STARGAZERS will be hoping for clear skies this weekend as one of the year’s most spectacular displays lights up the night sky.
The Perseid meteor shower is one of the most dramatic astral displays you can see in the night sky and it is active between 17 July and 24 August but will hit its peak on 12 and 13 August
The shower is one of the highlights of the meteor calendar due to the hourly rate of bright meteors, which is caused by the Earth passing through the debris trail left behind by a comet called Swift-Tuttle.
The comet’s debris trail is made up of small pieces of ice and rock, and when the Earth passes through it, these pieces burn up in the atmosphere, creating a meteor shower.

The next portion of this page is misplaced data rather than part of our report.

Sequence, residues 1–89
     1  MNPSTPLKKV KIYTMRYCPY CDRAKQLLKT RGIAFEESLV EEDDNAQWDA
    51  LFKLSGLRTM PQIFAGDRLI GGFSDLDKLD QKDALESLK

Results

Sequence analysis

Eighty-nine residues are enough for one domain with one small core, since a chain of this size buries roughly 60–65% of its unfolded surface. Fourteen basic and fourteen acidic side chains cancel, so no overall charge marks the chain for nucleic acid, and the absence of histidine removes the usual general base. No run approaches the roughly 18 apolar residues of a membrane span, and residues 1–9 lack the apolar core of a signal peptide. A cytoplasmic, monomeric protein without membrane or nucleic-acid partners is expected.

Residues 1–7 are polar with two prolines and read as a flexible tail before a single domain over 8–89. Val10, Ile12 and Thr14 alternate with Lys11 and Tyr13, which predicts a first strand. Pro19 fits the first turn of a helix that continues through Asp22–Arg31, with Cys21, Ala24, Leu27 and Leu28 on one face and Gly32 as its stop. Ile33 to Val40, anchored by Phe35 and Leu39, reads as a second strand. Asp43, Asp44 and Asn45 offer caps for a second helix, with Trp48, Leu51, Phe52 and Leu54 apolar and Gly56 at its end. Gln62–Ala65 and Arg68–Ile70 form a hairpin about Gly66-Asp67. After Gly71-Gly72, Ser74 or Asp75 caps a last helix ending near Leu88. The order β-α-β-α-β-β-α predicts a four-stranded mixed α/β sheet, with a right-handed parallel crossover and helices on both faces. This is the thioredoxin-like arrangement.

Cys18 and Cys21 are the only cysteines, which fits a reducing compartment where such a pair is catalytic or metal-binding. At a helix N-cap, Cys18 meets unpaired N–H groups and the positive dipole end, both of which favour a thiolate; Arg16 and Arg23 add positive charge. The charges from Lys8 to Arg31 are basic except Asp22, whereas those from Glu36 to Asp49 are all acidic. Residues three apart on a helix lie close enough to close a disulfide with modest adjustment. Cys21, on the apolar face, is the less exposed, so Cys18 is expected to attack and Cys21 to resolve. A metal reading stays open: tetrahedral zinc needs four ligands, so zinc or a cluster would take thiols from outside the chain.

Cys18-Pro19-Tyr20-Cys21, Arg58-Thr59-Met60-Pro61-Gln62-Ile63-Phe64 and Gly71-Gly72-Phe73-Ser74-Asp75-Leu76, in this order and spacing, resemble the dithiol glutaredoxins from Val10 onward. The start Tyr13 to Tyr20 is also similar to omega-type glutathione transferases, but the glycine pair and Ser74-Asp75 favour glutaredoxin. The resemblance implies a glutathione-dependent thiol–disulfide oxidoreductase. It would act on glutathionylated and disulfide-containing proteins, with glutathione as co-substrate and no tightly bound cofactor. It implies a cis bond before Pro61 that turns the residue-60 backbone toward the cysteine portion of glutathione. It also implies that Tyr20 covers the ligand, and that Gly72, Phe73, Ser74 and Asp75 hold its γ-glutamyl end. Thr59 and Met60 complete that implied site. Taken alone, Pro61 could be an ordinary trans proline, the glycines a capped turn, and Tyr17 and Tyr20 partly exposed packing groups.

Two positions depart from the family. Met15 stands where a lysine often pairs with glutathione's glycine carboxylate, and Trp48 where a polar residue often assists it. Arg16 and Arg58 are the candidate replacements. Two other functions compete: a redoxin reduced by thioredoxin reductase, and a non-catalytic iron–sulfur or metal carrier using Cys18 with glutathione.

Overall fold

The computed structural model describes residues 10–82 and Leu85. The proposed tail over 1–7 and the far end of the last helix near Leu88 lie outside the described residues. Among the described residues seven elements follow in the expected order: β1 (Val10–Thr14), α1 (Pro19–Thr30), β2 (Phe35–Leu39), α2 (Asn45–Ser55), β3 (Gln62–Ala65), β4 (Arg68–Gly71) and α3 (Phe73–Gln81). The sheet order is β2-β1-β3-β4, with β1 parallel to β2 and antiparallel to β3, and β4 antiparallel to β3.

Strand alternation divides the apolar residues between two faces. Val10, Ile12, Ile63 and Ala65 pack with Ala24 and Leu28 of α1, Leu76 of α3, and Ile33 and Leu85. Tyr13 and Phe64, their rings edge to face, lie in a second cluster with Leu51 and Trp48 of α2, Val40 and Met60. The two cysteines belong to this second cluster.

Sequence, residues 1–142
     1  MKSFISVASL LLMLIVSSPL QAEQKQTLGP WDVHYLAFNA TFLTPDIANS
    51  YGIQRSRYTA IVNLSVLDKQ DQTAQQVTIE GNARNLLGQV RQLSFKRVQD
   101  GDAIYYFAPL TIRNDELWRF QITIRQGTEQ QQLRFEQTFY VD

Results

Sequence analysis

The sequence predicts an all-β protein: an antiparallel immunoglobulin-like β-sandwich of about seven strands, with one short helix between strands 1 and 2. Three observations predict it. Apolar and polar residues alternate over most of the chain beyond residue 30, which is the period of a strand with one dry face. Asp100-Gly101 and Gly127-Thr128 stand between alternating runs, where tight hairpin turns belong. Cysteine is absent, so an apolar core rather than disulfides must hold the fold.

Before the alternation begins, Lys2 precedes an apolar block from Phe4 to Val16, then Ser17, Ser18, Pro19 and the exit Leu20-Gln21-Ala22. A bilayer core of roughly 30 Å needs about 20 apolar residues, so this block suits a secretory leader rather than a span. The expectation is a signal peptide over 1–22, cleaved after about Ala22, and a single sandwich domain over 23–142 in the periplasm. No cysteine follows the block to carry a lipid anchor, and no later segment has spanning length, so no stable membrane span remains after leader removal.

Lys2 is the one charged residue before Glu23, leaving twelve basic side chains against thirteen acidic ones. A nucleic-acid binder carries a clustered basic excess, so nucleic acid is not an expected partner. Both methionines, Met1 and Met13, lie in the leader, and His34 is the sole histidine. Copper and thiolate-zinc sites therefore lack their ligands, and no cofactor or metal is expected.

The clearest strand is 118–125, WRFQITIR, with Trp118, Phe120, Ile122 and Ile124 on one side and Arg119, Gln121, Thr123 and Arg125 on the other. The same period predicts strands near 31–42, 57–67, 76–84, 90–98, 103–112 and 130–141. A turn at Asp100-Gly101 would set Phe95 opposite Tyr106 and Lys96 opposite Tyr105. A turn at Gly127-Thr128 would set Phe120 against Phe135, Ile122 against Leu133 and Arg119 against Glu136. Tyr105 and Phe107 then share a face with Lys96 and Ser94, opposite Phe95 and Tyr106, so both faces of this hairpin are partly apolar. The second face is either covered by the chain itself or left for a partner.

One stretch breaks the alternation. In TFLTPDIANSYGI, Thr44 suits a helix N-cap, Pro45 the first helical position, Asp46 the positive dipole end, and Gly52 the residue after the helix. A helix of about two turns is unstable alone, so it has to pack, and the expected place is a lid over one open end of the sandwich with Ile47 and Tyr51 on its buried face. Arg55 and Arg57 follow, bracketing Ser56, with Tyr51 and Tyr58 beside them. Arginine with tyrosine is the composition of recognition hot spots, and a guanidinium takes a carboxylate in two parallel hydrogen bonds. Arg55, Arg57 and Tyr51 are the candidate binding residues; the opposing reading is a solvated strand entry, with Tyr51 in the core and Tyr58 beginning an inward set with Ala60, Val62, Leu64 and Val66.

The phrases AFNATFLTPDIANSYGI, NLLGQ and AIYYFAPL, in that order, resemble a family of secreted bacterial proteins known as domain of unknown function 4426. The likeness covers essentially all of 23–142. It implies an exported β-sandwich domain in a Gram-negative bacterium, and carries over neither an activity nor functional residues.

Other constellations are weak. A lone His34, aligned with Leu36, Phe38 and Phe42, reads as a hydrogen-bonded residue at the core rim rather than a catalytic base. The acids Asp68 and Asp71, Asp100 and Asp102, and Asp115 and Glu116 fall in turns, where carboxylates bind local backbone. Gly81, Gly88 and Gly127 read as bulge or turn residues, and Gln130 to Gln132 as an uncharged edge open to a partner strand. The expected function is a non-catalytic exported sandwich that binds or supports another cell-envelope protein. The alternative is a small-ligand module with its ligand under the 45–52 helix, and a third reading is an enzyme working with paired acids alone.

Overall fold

It is called the Perseids because the meteors seem to originate from the constellation of Perseus. Astronomers call this point the meteor shower’s radiant.
According to the Royal Observatory in Grenwich, the best time to the see the display is between midnight and 5am, who say: “The radiant of the Perseids is actually always above the horizon as seen from the UK, which means that observers in the UK should be able to see some meteors as soon as the Sun sets. Therefore, it is worth looking up in the early evening.
“It is always favourable to try and spot meteors when the Moon is below the horizon or when it is in its crescent phase, because otherwise it will act as natural light pollution and will prevent the fainter meteors from being visible.”
Places such as the Cambrian Mountains and Eryri National Park in Gwynedd have been designated a dark sky areas due to their remoteness and lack of light pollution from towns and villages.